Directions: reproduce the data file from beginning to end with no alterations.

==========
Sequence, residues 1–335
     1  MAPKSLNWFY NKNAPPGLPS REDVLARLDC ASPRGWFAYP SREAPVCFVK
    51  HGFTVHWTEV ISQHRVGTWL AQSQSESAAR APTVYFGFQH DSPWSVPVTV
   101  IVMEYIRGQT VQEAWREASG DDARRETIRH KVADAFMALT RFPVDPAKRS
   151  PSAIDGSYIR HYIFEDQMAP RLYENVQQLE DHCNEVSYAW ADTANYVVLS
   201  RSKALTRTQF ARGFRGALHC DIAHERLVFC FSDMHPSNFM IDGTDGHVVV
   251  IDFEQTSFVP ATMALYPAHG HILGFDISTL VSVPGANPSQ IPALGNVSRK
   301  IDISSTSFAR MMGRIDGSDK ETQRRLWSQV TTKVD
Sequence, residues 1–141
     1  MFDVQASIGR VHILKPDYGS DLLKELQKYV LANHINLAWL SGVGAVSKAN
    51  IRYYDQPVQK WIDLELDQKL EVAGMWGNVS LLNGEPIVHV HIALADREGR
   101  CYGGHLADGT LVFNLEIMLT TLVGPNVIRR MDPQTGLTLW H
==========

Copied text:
Sequence, residues 1–335
     1  MAPKSLNWFY NKNAPPGLPS REDVLARLDC ASPRGWFAYP SREAPVCFVK
    51  HGFTVHWTEV ISQHRVGTWL AQSQSESAAR APTVYFGFQH DSPWSVPVTV
   101  IVMEYIRGQT VQEAWREASG DDARRETIRH KVADAFMALT RFPVDPAKRS
   151  PSAIDGSYIR HYIFEDQMAP RLYENVQQLE DHCNEVSYAW ADTANYVVLS
   201  RSKALTRTQF ARGFRGALHC DIAHERLVFC FSDMHPSNFM IDGTDGHVVV
   251  IDFEQTSFVP ATMALYPAHG HILGFDISTL VSVPGANPSQ IPALGNVSRK
   301  IDISSTSFAR MMGRIDGSDK ETQRRLWSQV TTKVD
Sequence, residues 1–141
     1  MFDVQASIGR VHILKPDYGS DLLKELQKYV LANHINLAWL SGVGAVSKAN
    51  IRYYDQPVQK WIDLELDQKL EVAGMWGNVS LLNGEPIVHV HIALADREGR
   101  CYGGHLADGT LVFNLEIMLT TLVGPNVIRR MDPQTGLTLW H